Members of the media watch the CNN Democratic Presidential Debate on January 14, 2020 in Des Moines, Iowa. (Photo by Spencer Platt/Getty Images)

CNN’s Coverage of Sanders Was 3X More Negative Than Biden Following Their Big Primary Wins

A tale of two media narratives.

BY Juan Caicedo and Sarah Lazare

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It’s worth noting Linda Chavez saying Sanders’ win plays into Putin’s hands is far worse than Rosen insisting Biden could afford to be a bit more “inspirational.”

Joe Biden’s ascent into frontrunner status is often portrayed as an organic consequence of big-time endorsements and an untapped desire for a more “centrist” and “electable” candidate. But a survey by In These Times finds that CNN has portrayed Bernie Sanders more negatively than Biden, suggesting that media slant itself may play a role in Biden’s rise.

In the 24 hours following his massive win in Nevada, Sanders received 3.26 times the proportion of negative CNN coverage than Biden did following the latter’s South Carolina win—despite the two wins being by similar margins. Sanders received more coverage after his win than Biden did after his: 419 mentions to Biden’s 249. But a larger share of Sanders’ mentions were negative, and fewer positive, than Biden’s. The above 3.26 figure was arrived at by comparing negative coverage as a proportion of total coverage for both candidates.

CNN is one of the most widely watched cable news networks on television, averaging about a million viewers during prime time. Given its down-the-middle reputation, CNN can be a useful proxy for broader media coverage. The 24-hour window following a primary is a critical time for setting a public narrative about which candidates are viable, have “momentum,” and seem presidential. Media coverage that drives up the negatives of a candidate can have a hand in harming their campaigns.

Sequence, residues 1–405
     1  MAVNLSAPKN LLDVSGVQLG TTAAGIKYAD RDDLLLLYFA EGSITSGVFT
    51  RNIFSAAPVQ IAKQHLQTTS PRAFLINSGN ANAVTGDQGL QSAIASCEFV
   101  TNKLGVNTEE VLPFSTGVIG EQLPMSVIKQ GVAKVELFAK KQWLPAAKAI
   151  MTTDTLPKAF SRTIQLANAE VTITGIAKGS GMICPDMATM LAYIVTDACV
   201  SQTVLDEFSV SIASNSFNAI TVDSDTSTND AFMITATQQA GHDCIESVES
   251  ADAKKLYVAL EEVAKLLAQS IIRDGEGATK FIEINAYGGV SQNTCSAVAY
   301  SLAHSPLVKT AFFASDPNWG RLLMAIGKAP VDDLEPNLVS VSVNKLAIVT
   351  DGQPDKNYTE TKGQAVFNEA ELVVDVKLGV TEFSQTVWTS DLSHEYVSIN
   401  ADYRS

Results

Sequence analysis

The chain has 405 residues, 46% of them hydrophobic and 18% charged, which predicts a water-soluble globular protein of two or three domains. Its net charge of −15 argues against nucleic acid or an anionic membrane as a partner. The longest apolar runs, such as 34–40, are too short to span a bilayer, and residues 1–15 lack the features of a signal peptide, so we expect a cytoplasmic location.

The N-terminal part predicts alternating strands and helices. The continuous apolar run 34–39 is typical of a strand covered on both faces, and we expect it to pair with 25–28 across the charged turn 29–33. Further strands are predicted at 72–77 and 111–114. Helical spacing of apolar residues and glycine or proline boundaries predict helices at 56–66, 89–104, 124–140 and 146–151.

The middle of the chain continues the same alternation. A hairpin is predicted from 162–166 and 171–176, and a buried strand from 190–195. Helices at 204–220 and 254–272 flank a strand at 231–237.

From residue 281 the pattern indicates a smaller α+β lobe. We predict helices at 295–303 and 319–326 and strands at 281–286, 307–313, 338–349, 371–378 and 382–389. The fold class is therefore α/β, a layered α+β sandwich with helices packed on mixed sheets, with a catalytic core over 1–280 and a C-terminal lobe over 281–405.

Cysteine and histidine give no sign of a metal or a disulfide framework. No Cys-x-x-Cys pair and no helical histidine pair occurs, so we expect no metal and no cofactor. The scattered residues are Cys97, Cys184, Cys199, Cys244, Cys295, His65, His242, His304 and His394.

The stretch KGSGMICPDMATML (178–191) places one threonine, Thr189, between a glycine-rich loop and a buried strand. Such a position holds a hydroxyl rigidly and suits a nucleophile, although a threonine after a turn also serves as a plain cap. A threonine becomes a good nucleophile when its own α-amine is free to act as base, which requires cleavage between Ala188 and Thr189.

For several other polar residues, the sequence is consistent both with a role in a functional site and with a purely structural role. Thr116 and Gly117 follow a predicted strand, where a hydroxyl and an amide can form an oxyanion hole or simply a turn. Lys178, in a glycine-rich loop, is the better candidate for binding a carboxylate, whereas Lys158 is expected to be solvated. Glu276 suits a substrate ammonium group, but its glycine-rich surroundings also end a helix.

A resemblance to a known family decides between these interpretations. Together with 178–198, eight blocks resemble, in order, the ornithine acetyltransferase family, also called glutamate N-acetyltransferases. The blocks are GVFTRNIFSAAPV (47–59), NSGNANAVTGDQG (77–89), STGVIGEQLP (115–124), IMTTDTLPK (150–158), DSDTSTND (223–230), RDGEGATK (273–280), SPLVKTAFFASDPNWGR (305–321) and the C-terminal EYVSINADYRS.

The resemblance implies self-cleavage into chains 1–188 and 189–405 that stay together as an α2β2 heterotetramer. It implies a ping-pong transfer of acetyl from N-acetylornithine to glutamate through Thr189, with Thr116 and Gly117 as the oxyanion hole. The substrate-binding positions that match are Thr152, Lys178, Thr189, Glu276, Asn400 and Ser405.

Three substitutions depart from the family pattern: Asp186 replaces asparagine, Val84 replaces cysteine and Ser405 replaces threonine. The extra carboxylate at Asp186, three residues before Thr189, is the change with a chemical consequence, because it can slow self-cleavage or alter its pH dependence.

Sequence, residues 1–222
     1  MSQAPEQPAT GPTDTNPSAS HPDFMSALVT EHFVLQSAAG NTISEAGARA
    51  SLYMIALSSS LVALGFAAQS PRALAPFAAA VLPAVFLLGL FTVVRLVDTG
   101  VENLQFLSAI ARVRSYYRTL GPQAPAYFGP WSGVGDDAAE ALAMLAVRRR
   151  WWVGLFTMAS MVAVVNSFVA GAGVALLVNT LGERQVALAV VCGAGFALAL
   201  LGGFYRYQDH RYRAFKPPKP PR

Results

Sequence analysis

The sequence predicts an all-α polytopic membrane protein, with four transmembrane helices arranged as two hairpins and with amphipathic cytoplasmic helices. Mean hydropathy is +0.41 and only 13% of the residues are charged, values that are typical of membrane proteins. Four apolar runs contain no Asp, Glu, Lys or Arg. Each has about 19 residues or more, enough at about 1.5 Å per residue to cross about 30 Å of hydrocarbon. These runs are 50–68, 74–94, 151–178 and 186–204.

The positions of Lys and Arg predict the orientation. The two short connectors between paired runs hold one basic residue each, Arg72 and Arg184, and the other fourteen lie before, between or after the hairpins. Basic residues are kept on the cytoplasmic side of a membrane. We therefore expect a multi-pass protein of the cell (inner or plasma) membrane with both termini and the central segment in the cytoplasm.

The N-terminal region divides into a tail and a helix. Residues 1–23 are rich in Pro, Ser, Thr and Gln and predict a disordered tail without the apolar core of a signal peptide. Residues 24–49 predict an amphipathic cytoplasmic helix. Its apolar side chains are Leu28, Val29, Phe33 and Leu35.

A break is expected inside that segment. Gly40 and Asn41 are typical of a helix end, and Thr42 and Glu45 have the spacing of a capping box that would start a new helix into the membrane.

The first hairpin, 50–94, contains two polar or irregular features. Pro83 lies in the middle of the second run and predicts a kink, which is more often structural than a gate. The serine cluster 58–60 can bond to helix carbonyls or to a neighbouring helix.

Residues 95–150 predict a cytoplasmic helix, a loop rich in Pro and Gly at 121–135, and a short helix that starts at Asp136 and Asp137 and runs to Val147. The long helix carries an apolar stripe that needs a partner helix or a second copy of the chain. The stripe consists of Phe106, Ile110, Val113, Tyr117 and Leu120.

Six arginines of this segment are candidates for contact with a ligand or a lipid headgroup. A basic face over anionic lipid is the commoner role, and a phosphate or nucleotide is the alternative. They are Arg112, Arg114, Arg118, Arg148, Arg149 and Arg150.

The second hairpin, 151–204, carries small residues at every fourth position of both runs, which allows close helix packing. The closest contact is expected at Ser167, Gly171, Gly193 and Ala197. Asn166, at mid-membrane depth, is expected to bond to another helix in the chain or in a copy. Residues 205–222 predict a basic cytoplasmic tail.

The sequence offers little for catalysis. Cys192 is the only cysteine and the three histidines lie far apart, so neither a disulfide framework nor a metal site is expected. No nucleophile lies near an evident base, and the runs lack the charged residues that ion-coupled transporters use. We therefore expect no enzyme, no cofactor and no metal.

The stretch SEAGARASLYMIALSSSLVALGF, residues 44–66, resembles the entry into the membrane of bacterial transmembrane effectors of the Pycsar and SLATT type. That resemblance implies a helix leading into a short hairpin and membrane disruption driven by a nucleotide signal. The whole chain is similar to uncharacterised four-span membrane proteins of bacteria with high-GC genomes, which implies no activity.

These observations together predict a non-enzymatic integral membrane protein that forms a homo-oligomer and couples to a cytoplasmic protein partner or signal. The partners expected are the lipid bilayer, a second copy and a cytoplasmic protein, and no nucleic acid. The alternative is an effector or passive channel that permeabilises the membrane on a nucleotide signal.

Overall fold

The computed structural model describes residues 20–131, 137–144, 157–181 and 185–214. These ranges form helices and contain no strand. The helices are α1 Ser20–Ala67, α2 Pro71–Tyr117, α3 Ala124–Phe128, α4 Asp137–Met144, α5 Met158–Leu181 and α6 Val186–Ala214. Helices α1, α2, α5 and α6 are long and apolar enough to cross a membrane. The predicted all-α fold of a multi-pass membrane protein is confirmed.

Sanders won a blowout victory in Nevada, garnering 46.8% of the vote in a multi-candidate field—putting him well ahead of Biden’s 20.2% support. Yet in the 24-hour period following his win, starting at midnight, CNN’s coverage of Sanders was slightly more negative than positive: He received 32 positive mentions, 33 negative mentions, and 354 neutral mentions from CNN guests or hosts. (For the purposes of this study, a “mention” refers to each time a candidate is discussed—but not to each time his or her name is mentioned. In These Times tended towards conservatism and only logged a mention as positive or negative if it was clearly either.)

In contrast, during the 24 hours following Biden’s blowout win in South Carolina, bringing in 48.4% compared to Sanders’ 19.9%—roughly the same result—the former vice president received much more fawning coverage from CNN: 19 positive mensions, only 6 negative mentions, and 224 neutral mentions.

Sanders’ negatives and positives were roughly equal (33 vs. 32) to each other, while Biden received more than three times more positive than negative mentions.

This tally is likely an undercount of overall pro-Biden slant in the current media landscape, as it does not include the avalanche of positive coverage Biden received for the endorsements from Amy Klobuchar, Pete Buttigieg and Beto O’Rourke that came the following day. CNN’s 5:00 a.m. Newsroom and its 11:00 a.m. episode of Connect the World were excluded from the count, as transcripts for these episodes the day after the South Carolina primary were missing from CNN’s website.

Twelve of the negative mentions Sanders received following his win in Nevada either accused the Vermont senator of being too far left to win, or denounced him as a socialist. On the February 23 episode of Newsroom, James Clyburn, the Democrats’ House Majority Whip, said, “On Super Tuesday, people are concerned about this whole self-proclaimed Democratic socialist. Socialism since I was a student in grade school was something that engendered a kind of vociferous reaction among people of a negative nature, and socialism is always kind of interesting.”

Such criticisms are repeatedly levied via major media outlets with no evidence, despite polling that shows Sanders could beat Trump in a general election and is trusted on issues deemed important to the Democratic base.